Rafting Season Forecast for 2022

By Kim Cassels   •   April 11, 2022

Rafting Season Forecast for 2022

Gates of Lodore Rapids - Lodore - Mild to Wild Rafting

Calling all river fanatics! Grab the pumps and paddles and dust off those PFDs, because the Rafting Season Forecast for 2022 is here! This winter certainly kept us on our toes, and with the final weeks of significant snowfall behind us, we’ve got the full scoop on what to expect for your Southwest rafting excursions.

All in all, we’re looking like a typical runoff for the Southwest Colorado season, with the best flows through late May into the first two weeks of June. Folks and families looking for mellower river runs should hop in the water from late June to August.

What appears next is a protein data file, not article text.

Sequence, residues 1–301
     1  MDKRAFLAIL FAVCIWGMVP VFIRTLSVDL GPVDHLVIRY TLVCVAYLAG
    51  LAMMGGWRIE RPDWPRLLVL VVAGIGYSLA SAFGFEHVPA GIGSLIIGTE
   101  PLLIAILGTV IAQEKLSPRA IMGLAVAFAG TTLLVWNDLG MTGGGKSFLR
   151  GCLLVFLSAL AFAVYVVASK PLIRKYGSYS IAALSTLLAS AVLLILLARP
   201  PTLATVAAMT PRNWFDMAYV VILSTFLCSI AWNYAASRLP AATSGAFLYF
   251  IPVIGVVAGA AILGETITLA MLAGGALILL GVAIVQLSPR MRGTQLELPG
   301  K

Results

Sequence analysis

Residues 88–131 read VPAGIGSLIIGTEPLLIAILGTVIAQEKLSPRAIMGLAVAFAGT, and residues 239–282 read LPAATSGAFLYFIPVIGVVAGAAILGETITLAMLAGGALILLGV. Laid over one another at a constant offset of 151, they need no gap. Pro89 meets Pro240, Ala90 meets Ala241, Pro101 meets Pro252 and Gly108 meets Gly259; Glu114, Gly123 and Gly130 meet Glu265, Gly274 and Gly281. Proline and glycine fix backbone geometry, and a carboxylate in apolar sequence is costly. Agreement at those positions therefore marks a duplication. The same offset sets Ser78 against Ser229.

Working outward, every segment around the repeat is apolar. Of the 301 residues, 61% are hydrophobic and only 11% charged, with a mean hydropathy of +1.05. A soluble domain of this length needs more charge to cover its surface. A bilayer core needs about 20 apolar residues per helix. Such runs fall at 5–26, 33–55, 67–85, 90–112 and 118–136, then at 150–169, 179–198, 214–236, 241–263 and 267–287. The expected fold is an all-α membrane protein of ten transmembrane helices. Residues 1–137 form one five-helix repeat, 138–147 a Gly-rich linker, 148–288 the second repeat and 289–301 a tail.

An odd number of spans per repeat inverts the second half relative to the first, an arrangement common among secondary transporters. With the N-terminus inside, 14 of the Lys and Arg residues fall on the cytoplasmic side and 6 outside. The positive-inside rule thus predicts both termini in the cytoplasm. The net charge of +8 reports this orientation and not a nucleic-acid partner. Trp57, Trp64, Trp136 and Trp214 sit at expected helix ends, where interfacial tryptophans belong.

As for the Colorado River and the Green River season through Utah, the snowpack is a little below average, but no too low for good flows in mid-Spring.

Check out each river section Mild to Wild runs in Southwest Colorado and Utah to get an idea of what the water will be comin’ down the mountain, and then get to planning your rafting adventures!

Southwest Colorado Rafting Season Forecast for 2022


Upper Animas River — Wild 

The snowpack levels in the San Juan Mountains above Silverton are currently sitting around 100%. This should make for a pretty predictable season on the Animas River, no matter what section you end up running!